Friday, April 03, 2009, New Study Demonstrates How Conflicts of Interest with Big Pharma Influence Reporting of the Effectiveness of Drug Treatment
A new study published online ahead of print in BMJ reviews the evidence on the effectiveness of nicotine replacement therapy (NRT) in smoking cessation and concludes that: “Available trials indicate that nicotine replacement therapy is an effective intervention in achieving sustained smoking abstinence for smokers who have no intention or are unable to attempt an abrupt quit.” (Moore D, Aveyard P, Connock M, Wang D, Fry-Smith A, Barton P. Effectiveness and safety of nicotine replacement therapy assisted reduction to stop smoking: systematic review and meta-analysis. BMJ 2009;338:b1024 doi:10.1136/bmj.b1024).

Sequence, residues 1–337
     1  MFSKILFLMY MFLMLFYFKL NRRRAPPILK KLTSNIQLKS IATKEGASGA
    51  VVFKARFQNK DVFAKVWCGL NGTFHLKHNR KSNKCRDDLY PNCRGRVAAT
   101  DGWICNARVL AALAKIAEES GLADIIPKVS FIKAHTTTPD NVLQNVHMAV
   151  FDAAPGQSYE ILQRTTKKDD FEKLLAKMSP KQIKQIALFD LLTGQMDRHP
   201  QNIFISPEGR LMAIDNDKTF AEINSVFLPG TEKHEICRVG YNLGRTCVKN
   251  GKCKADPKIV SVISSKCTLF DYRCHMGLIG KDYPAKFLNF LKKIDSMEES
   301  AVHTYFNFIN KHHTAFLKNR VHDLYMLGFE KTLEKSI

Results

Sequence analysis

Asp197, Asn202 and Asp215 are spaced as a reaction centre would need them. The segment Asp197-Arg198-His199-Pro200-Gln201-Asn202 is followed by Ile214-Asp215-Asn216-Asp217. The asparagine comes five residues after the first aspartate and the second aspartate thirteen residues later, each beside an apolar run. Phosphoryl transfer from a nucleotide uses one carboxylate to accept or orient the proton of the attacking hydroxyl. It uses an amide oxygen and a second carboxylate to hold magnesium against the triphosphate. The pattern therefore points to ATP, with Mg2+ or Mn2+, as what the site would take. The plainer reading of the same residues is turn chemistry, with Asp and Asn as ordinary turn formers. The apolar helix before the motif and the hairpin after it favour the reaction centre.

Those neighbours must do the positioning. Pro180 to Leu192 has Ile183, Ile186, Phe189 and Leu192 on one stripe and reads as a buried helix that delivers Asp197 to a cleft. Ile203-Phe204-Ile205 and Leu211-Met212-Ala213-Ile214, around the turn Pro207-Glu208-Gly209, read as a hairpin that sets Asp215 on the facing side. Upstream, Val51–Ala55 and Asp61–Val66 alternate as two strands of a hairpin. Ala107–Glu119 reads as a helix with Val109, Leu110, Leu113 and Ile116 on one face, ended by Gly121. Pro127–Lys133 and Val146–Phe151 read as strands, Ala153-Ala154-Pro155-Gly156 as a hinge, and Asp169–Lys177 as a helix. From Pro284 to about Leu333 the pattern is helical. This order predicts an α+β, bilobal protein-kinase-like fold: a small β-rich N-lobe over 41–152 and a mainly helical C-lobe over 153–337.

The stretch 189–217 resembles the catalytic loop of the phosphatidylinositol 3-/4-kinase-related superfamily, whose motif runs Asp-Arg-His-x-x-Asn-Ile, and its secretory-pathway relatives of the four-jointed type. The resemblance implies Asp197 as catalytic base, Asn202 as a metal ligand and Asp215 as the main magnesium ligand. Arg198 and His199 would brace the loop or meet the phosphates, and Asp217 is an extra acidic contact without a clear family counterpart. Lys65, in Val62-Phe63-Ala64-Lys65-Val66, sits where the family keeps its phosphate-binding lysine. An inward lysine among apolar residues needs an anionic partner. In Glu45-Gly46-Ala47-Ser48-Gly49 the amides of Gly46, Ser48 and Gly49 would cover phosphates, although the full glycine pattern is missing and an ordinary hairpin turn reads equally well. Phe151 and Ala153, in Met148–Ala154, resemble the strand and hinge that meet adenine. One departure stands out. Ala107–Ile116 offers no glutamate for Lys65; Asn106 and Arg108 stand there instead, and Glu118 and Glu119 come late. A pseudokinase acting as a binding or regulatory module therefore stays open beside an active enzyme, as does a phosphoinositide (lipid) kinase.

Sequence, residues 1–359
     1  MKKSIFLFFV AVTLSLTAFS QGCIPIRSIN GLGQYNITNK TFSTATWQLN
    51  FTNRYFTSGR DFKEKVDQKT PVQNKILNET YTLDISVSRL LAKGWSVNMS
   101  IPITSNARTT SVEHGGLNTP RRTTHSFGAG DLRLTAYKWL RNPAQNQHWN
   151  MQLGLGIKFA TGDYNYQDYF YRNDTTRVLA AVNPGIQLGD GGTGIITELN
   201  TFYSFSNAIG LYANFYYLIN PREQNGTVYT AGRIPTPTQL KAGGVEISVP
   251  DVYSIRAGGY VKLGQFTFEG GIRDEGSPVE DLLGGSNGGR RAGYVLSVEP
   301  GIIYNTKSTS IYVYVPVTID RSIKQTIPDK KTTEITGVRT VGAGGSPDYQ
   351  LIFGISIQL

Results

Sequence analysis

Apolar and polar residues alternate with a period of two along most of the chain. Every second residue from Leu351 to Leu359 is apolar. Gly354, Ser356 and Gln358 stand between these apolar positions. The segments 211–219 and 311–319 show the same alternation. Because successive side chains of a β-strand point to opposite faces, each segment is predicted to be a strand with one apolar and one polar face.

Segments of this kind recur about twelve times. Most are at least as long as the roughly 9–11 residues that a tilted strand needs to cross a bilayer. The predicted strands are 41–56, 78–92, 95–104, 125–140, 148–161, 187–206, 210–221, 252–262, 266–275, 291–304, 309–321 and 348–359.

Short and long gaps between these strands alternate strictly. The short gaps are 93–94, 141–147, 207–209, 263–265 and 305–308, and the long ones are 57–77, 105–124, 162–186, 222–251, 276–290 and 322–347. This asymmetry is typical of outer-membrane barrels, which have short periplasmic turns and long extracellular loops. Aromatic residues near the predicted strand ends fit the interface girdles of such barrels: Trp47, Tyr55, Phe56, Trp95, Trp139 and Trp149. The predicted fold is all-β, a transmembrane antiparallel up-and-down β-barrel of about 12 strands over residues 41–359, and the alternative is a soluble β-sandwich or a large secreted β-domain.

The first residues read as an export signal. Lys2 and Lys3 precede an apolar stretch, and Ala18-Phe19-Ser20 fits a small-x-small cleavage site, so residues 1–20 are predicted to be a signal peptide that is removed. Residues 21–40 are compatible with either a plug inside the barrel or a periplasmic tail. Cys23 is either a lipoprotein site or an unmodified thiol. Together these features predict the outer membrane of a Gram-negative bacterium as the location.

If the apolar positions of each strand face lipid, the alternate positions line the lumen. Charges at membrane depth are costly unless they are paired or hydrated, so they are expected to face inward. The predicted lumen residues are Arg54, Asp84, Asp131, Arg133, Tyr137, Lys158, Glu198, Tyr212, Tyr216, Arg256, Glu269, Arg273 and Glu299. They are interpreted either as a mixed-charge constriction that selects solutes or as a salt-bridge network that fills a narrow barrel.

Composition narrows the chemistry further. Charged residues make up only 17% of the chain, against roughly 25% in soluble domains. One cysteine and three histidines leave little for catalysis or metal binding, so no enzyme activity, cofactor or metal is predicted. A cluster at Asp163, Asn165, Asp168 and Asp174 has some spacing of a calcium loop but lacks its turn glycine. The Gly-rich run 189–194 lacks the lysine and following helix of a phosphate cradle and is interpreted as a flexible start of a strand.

The article is based on a review and meta-analysis or nicotine replacement therapy treatment of smokers who were unable or unwilling to stop smoking abruptly. The outcome was continuous abstinence from smoking which was generally measured at six month and twelve month follow-up. A secondary outcome was sustained smoking reduction, which was defined as reducing cigarette consumption by more than 50%.
The results were as follows:
The proportion of smokers achieving sustained abstinence at six months with nicotine replacement therapy was 6.75%, compared to 3.28% for placebo, yielding a significant relative risk of 2.06.
The proportion of smokers achieving sustained abstinence at final follow-up (generally one year) was 1.6% for the nicotine replacement therapy group, compared to 0.4% for the placebo group.
The proportion of smokers achieving sustained reduction at six months was 21.8% in the intervention group compared to 16.5% in the placebo group.
The proportion of smokers achieving sustained reduction at final follow-up was 6.3% for the NRT group and 1.6% for the placebo group.